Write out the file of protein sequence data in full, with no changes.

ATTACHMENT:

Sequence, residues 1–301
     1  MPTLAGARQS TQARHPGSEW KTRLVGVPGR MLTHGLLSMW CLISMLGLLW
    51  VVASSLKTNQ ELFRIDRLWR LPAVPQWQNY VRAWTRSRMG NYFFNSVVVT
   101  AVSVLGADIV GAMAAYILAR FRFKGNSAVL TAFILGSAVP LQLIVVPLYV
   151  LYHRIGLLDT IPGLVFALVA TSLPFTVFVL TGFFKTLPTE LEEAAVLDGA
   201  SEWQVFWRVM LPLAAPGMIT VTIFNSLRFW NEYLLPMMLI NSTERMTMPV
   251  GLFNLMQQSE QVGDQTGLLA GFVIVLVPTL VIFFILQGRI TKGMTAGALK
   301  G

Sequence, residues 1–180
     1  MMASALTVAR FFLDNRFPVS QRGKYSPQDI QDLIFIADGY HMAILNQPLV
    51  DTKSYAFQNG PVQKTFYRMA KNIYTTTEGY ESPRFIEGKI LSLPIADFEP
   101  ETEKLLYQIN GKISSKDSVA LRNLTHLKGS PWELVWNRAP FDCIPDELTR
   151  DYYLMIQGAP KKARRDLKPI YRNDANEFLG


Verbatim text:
Sequence, residues 1–301
     1  MPTLAGARQS TQARHPGSEW KTRLVGVPGR MLTHGLLSMW CLISMLGLLW
    51  VVASSLKTNQ ELFRIDRLWR LPAVPQWQNY VRAWTRSRMG NYFFNSVVVT
   101  AVSVLGADIV GAMAAYILAR FRFKGNSAVL TAFILGSAVP LQLIVVPLYV
   151  LYHRIGLLDT IPGLVFALVA TSLPFTVFVL TGFFKTLPTE LEEAAVLDGA
   201  SEWQVFWRVM LPLAAPGMIT VTIFNSLRFW NEYLLPMMLI NSTERMTMPV
   251  GLFNLMQQSE QVGDQTGLLA GFVIVLVPTL VIFFILQGRI TKGMTAGALK
   301  G

Sequence, residues 1–180
     1  MMASALTVAR FFLDNRFPVS QRGKYSPQDI QDLIFIADGY HMAILNQPLV
    51  DTKSYAFQNG PVQKTFYRMA KNIYTTTEGY ESPRFIEGKI LSLPIADFEP
   101  ETEKLLYQIN GKISSKDSVA LRNLTHLKGS PWELVWNRAP FDCIPDELTR
   151  DYYLMIQGAP KKARRDLKPI YRNDANEFLG